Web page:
Vancouver's Most Beautiful Public Sculptures

Riley Londres

The public art around Vancouver represents a great deal of the city’s past and hope for the future. Each sculpture was carefully planned by the artist as something that encompasses the culture of the city, and many a lovely to look at. Here is an easy guide to some of the city’s most well-known and beautiful sculptures.

A-Maze-ing Laughter

A bronze statue located in Morton Park, A-Maze-Ing Laughter was created by Yue Mingjun for the Vancouver International Sculpture Biennial. The sculpture depicts a series of 14 figures, each 3m tall and weighing at approximately 250kgs. The artist sought to represent different stages of hysterical laughter, and in turn inspire laughter and playfulness in the viewer.

The Birds

Built for the 2010 Winter Olympic Village, this pair of bird statues was inspired by Alfred Hitchcock’s movie of the same name. The sparrow are around 5 meters tall, making them more than 50 times the actual size sparrows. The artist, Myfanwy MacLeod, created them to be an ‘ode to immigration,’ as the house sparrows depicted are not native to North America. The sparrows also represent the history of the city’s shipyards, as it was common for sailors to have various different tattoos of sparrows.

The Drop

Located at Bon Voyage Plaza in the Coaltown neighborhood of Vancouver, The Drop was created by German artist group Inges Idee, and is over 65ft tall. The steel sculpture resembles a bright blue raindrop, and is meant to represent the fearsome power of nature and the human relationship with the water that surrounds us.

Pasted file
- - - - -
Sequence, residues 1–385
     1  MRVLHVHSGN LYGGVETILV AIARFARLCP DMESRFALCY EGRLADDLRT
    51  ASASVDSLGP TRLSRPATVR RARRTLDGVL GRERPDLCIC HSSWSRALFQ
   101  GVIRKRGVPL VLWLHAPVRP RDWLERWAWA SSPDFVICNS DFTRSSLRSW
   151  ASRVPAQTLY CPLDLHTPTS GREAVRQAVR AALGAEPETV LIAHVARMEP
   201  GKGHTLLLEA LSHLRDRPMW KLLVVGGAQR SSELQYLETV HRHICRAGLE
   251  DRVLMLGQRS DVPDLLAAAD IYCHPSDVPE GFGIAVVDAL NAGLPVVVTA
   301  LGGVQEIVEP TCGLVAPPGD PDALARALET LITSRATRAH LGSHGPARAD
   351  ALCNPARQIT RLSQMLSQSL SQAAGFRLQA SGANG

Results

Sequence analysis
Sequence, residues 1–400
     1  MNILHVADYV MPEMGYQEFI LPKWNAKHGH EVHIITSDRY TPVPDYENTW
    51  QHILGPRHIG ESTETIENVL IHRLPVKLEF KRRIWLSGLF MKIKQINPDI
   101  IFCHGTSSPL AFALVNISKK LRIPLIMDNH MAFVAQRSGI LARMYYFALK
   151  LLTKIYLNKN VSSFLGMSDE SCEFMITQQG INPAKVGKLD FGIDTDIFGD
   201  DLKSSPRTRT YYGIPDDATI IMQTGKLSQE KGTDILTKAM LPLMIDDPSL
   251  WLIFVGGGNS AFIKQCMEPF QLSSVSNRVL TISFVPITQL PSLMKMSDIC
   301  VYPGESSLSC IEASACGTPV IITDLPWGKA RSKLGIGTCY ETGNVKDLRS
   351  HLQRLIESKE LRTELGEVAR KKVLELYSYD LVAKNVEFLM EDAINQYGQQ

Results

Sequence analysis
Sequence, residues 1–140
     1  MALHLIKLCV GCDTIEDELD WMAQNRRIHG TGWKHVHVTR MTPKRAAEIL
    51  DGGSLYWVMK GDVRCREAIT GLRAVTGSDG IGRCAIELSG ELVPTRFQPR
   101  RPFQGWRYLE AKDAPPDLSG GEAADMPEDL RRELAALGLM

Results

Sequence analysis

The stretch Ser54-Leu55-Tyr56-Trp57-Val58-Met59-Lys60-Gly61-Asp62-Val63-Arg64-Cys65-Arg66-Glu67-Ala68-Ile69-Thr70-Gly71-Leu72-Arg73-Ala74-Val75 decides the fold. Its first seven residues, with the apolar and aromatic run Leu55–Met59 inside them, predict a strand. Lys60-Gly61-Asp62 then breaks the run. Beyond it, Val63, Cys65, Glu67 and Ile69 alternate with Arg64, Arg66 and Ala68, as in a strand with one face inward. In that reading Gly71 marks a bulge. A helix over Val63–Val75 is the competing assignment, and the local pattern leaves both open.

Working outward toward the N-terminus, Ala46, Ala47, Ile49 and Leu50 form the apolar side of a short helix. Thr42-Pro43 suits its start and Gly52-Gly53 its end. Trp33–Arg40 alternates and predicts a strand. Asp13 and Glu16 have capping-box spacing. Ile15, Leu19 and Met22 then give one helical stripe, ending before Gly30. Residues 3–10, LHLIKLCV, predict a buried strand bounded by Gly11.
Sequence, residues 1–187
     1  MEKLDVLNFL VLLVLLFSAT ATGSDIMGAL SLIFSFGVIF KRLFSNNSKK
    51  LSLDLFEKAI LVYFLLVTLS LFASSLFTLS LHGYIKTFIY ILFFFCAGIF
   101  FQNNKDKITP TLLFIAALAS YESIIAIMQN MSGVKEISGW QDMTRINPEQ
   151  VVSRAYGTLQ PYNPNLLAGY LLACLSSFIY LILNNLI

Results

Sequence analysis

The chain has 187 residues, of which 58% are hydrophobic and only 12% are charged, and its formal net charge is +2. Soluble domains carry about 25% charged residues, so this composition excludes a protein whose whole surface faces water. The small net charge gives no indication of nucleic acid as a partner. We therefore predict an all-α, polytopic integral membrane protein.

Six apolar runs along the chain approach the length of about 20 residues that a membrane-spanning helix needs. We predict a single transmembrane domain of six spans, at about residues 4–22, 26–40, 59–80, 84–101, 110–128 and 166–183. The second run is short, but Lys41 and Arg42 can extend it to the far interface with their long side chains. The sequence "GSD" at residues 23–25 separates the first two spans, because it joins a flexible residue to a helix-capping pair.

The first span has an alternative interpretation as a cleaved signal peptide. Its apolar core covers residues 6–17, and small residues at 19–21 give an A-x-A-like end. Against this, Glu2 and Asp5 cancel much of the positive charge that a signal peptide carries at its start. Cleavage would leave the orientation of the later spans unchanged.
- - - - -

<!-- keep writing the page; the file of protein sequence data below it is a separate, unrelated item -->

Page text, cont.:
Gate to the Northwest Passage

Created in 1980 by Alan Chung Hung, the Gate to the Northwest Passage was built to commemorate the arrival of Captain George Vancouver to the Burrard Inlet in 1792, and sits next to the city’s Maritime Museum. The rusted steel sculpture is over 4.6 meters and has been likened to a twisted paper clip, as the square shape of the sculpture has been twisted to create an arc.

Girl in a Wetsuit

Located on a rock in the water on the north side of Stanley Park sits Girl in a Wetsuit, a sculpture created by Elek Imredy in 2007. As the name suggests, it represents a girl wearing a wetsuit and flippers sitting on a rock after what seems to be a long day of scuba diving. The statue is made of bronze and is lifesized, but doesn’t have any symbolic meaning other than to represent the growing interest in scuba diving in Vancouver at the time. The statue is beautiful to look at over the water, and has inspired others to take a swim or maybe even try diving for themselves. By Riley Londres

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